Die-hard hybrid fans would like to see the technology used in all its many varieties: full-hybrids, mild-hybrid, micro-hybrids, plug-in hybrids, and biofuel hybrids. But we should be careful about slapping the word “hybrid” on too much sheet metal. All hybridizations don’t pass the three-part test of feasibility, appeal and cost. In Europe, where diesels represent half of the car market, the idea of diesel-hybrids periodically gets paraded out—mostly at car shows in the form of a concept vehicle—as the latest silver-bullet-du-jour.
The Citroën C-Métisse diesel hybrid was unveiled last year at the 2006 Paris Motor Show. It was obviously nothing more than eye-candy at the auto show, but less exotic diesel-hybrid concepts (see Citroen C4, Peugot 307, Ford Reflex, Ford C-Max minivan, and a Mercedes Benz S class diesel hybrid) continue to be dangled. The vision of a fuel-saving diesel-hybrid double whammy is too alluring for environmentalists to resist. TreeHugger.com, the excellent environmental blog, claimed that diesel-hybrids are “realistic and attainable prospects” and a “happy sight.” It makes sense, right? If hybrids save fuel, and diesel vehicles save fuel, then automakers could theoretically combine the two technologies to produce super-fuel-saving diesel hybrid passenger cars. In fact, the hybrid-diesel combo has been employed in city transit buses, military vehicles, garbage trucks, and delivery trucks for years. How hard could it be to downsize the approach to passenger cars?
Greenies were further encouraged when Japan Today reported in November 2006 that Toyota was planning to commercialize a diesel hybrid subcompact car as early as 2010. Should we temper our optimism when the sources for this story refused to be named? Let’s dig further into the diesel hybrid archive.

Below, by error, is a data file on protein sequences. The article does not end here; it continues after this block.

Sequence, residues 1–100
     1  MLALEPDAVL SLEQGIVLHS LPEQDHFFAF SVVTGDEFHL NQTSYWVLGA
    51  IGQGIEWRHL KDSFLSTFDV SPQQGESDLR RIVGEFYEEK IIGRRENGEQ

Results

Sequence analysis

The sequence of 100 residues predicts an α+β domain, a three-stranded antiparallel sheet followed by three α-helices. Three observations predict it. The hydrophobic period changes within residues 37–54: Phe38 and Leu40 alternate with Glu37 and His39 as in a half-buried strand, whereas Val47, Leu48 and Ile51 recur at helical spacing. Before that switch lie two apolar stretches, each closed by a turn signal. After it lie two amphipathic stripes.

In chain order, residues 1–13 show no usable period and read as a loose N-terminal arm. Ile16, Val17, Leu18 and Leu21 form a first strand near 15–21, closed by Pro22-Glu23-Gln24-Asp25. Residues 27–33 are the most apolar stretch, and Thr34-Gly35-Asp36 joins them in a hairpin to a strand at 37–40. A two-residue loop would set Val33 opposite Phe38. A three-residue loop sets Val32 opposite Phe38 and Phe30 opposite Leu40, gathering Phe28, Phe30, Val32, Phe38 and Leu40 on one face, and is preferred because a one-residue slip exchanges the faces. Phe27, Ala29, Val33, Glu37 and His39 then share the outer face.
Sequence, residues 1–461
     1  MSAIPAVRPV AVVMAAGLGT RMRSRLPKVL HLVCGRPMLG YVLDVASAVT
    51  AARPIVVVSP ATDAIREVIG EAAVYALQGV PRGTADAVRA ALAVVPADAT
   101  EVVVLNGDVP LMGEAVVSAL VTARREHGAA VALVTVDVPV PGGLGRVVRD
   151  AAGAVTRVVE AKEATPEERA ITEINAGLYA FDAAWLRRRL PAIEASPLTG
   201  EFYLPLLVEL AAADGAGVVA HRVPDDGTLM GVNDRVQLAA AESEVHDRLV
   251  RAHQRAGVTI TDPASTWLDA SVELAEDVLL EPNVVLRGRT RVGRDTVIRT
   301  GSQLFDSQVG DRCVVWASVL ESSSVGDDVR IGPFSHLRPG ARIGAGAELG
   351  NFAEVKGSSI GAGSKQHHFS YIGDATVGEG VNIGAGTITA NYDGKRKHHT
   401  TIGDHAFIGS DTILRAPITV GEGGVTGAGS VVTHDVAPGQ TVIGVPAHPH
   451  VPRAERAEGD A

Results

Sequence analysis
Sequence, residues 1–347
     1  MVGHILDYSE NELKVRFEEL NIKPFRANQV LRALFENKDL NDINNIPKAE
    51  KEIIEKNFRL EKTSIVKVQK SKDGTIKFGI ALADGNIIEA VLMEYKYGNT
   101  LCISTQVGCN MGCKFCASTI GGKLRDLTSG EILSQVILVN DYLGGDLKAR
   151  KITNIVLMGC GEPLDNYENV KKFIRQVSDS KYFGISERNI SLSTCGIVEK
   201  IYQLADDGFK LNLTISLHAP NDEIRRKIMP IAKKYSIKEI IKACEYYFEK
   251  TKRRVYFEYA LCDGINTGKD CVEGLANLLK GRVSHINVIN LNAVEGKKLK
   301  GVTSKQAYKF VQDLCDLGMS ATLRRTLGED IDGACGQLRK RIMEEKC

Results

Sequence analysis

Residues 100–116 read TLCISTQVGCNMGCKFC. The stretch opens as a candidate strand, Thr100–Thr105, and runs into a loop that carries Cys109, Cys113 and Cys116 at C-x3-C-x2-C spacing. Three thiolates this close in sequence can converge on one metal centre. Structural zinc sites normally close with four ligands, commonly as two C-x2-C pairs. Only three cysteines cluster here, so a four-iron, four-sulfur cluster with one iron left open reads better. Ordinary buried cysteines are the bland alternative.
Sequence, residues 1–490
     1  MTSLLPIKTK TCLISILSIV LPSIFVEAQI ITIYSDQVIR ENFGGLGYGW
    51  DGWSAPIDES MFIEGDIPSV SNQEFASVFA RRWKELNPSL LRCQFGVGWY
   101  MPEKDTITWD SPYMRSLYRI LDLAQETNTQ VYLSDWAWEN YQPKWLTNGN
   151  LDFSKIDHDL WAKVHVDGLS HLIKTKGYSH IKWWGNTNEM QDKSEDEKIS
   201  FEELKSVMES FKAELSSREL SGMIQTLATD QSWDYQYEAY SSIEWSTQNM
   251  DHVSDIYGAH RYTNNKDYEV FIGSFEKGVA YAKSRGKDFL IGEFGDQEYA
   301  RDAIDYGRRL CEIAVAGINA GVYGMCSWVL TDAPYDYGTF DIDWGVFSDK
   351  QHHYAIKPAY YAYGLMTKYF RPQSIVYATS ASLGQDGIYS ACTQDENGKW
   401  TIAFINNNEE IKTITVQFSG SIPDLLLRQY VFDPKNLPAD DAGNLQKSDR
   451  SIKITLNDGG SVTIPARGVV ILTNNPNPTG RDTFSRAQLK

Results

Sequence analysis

Rewind: Cost Matters
In March 2005, Wired Magazine ran an article entitled “Diesel Hybrids on the Fast Track.” John Gartner wrote that the regular gasoline-electric hybrids—you know, the ones that are actually being driven by the hundreds of thousands across America—are the current champions of fuel economy, but warned that the Prius and Civic Hybrid “may soon get lapped” by diesel hybrids.
The Wired article included details about GM’s Opel Astral Diesel Hybrid concept, promising 59 miles per gallon, and the Dodge Ram hybrid pickups, which DaimlerChrysler was going to release as a diesel hybrid with the goal of getting “better than 30 miles per gallon,” according to company spokesman Cole Quinell. Mr. Quinell also said that DamilerChrysler’s diesel hybrids, based on technology developed with General Motors, would be available in late 2007 or early 2008. The clock is ticking, and little if any news has come out about these vehicles.
In the final lines of the 16-paragraph Wired article—most of which casts the diesel hybrids as imminent prospects—Gartner gets to the bottom line: “Integrating both hybrid and diesel technology could add up to $8,000 to the price of the vehicle.” Six months prior to the Wired article, it turns out that Reuters reported the same sticking point for diesel hybrids: cost. “The main problem is that diesel hybrid cars cost too much to produce—thousands of dollars more than petrol-electric hybrids like Toyota Motor Corp’s Prius,” according to Reuters.
Robert Peugeot, vice president for innovation and quality at PSA/Peugeot-Citroën admitted to Automotive News in January 2007 that the company’s "challenge is to move from prototypes to an affordable car." He said the current estimate of a marketable diesel hybrid for $5,000 extra is "clearly too much." Andrew Fulbrook, powertrain analyst at CSM Worldwide, added, "I can’t see a point in the next five to six years where [diesel] hybrid systems will become a commodity."
Double the Cost, Not the Benefit
That same cost-payback criticism was waged against gasoline hybrids, but Toyota has achieved economies of scale with battery technology and has been offering incentives on Priuses, Camry Hybrids, and Highlander Hybrids. The result: Prius sells like hot cakes and adds to Toyota’s bottom line. GM also deserves credit for introducing the award-winning Aura as a mild-hybrid, which after taxes, comes within a few dollars of the conventional Aura’s cost. These vehicles are on track toward mainstream market acceptance, while combining diesel and hybrid technologies may always double the costs (and market risks) without yielding twice the fuel-saving benefits. The costs have to come much more in line before a carmaker will put such a vehicle into production.
Automakers know they have to respond to increased pressure for reduced emissions. This is particularly true in Europe where diesels are popular and represent a significant environmental challenge. Carmakers and green-leaning car buyers are thirsty for solutions. But let’s get real. There have been—and will continue to be—winners and losers in the hybrid technology race.